trading places
home contact us site map
world in 1600 getting there bantam expansion india china impacts
china
image strip
why china trade silk porcelain tea opium
 
tea
 

Tea was the new wonder commodity for the Company. It began to trade in Chinese tea in the early 1650s but it was not an instant success. At the time people in Britain drank ale for breakfast (water was largely unfit to drink) so there was a ‘market gap’ for a safe, thirst quenching drink. Tea was not unknown but it was a luxury item favoured by the aristocracy.

Brewers, sensing competition, persuaded the British Government to tax tea. Adulteration, smuggling and the Boston Tea Party were direct results. However, once the Company had access to Canton and the political issues were settled, demand took off. Green varieties were favoured initially but black teas soon took over in popularity.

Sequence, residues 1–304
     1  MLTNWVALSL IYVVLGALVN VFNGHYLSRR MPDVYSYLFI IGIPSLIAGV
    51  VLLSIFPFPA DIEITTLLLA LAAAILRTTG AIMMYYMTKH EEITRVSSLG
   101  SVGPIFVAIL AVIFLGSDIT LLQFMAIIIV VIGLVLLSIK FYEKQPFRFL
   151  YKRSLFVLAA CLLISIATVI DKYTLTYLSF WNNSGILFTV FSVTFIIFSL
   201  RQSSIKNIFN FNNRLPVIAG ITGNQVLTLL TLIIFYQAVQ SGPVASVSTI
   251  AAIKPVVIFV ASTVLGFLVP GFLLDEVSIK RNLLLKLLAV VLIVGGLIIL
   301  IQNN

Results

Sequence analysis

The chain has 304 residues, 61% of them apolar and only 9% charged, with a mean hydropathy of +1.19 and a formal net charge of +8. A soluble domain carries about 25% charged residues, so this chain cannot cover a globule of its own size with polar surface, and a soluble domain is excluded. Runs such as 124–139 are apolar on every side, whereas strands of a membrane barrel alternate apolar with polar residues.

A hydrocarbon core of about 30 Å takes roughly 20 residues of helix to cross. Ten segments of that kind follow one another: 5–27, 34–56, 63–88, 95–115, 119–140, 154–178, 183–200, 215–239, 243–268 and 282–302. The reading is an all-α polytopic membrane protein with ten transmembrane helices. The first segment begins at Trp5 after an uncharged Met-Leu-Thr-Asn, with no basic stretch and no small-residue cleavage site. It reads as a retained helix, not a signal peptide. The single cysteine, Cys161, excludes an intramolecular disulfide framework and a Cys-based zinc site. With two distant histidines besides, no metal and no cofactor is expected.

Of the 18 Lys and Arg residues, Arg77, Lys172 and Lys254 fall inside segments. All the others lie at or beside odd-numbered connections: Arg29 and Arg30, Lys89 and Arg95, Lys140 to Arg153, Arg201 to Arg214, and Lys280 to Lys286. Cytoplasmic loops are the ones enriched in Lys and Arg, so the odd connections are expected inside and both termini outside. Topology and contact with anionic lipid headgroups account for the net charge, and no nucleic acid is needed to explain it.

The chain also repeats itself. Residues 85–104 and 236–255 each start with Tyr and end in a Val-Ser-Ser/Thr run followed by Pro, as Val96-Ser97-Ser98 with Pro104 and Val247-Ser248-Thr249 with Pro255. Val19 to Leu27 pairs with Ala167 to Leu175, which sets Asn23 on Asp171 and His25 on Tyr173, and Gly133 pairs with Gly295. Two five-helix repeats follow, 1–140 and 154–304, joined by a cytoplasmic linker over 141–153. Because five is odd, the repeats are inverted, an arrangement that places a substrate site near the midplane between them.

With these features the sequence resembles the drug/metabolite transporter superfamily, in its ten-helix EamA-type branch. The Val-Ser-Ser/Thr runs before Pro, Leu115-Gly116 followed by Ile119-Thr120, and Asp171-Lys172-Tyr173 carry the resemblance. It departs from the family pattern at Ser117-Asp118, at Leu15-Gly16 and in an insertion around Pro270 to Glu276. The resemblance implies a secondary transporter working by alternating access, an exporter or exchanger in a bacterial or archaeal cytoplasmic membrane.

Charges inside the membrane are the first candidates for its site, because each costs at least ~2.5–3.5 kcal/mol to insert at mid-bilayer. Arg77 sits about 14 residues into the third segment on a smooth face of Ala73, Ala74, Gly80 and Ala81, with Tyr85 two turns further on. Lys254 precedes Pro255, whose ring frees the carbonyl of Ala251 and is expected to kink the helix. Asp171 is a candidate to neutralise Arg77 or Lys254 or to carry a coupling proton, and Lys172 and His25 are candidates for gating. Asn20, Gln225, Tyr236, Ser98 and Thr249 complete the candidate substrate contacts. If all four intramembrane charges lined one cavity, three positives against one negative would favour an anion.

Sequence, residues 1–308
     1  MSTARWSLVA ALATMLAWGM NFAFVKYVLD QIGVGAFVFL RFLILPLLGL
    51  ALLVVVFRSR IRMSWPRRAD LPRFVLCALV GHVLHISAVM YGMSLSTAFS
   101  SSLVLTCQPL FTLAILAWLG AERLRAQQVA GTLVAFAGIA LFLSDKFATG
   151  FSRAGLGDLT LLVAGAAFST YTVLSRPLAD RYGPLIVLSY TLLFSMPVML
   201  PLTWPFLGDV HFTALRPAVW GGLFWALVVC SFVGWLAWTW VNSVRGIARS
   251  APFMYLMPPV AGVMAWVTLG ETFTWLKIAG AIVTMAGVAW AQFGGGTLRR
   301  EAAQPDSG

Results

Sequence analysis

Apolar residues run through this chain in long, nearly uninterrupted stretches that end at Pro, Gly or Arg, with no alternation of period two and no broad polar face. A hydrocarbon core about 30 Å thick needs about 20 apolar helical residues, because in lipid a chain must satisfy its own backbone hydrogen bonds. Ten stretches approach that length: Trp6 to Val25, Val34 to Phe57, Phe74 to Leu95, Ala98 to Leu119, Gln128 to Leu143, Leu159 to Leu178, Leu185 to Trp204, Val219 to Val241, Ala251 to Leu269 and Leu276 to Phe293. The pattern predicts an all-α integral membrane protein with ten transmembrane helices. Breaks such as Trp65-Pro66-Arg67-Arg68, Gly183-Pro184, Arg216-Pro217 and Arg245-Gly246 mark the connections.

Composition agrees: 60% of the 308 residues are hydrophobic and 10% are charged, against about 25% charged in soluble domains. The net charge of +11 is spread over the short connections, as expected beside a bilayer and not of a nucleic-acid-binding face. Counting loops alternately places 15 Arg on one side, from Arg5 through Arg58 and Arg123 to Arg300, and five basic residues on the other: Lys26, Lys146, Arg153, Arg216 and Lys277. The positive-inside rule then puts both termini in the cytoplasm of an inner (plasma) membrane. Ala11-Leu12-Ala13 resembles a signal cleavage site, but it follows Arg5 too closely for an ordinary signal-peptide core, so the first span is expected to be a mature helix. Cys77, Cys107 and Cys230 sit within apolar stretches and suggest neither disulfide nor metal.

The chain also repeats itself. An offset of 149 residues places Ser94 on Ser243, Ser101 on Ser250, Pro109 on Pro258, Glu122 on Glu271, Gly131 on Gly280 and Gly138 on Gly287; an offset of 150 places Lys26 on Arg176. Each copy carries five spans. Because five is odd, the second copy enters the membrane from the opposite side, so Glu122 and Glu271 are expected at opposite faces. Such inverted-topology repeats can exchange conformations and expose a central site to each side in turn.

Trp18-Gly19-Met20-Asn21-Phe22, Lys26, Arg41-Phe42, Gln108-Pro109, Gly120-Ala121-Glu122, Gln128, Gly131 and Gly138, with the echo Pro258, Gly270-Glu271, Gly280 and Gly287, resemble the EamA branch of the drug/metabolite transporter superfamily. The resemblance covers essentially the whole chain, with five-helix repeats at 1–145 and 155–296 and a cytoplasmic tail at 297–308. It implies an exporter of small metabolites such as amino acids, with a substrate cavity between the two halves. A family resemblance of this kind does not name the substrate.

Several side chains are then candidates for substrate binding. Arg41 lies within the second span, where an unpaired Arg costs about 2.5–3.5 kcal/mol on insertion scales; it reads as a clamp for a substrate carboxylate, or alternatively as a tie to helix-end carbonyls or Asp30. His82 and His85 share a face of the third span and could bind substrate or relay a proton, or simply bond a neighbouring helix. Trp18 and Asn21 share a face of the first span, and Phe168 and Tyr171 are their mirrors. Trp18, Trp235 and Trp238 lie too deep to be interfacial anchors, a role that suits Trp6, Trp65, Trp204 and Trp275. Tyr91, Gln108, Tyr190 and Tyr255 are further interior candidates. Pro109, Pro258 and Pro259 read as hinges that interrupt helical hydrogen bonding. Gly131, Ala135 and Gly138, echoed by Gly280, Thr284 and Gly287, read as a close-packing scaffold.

In 1713 the Company brought in 214,000 lbs (97,078 kgs); by 1813 the total was almost 32 million lbs (14.5 million kgs).

  tea picking   tea curing
   

Tea Picking No 2 in a series of prints, The process of planting, growing and curing tea. 1808.
Maps K.Top.116.19-2 b & d.
(click image to enlarge)

Further Information

Tea Curing No 4 in a series of prints, The process of planting, growing and curing tea. 1808.
Maps K.Top.116.19-2 b & d.
(click image to enlarge)

Further Information

   
tea warehouse  
   

Scene in a tea warehouse at the Canton factories by a Chinese artist c 1800
Add.Or.4665
(click image to enlarge)

Further Information

 

 

   

World in 1600Getting ThereBantamExpansionIndiaChinaImpactsHOMECONTACT US SITE MAP

Why ChinaTrade SilkPorcelainTeaOpium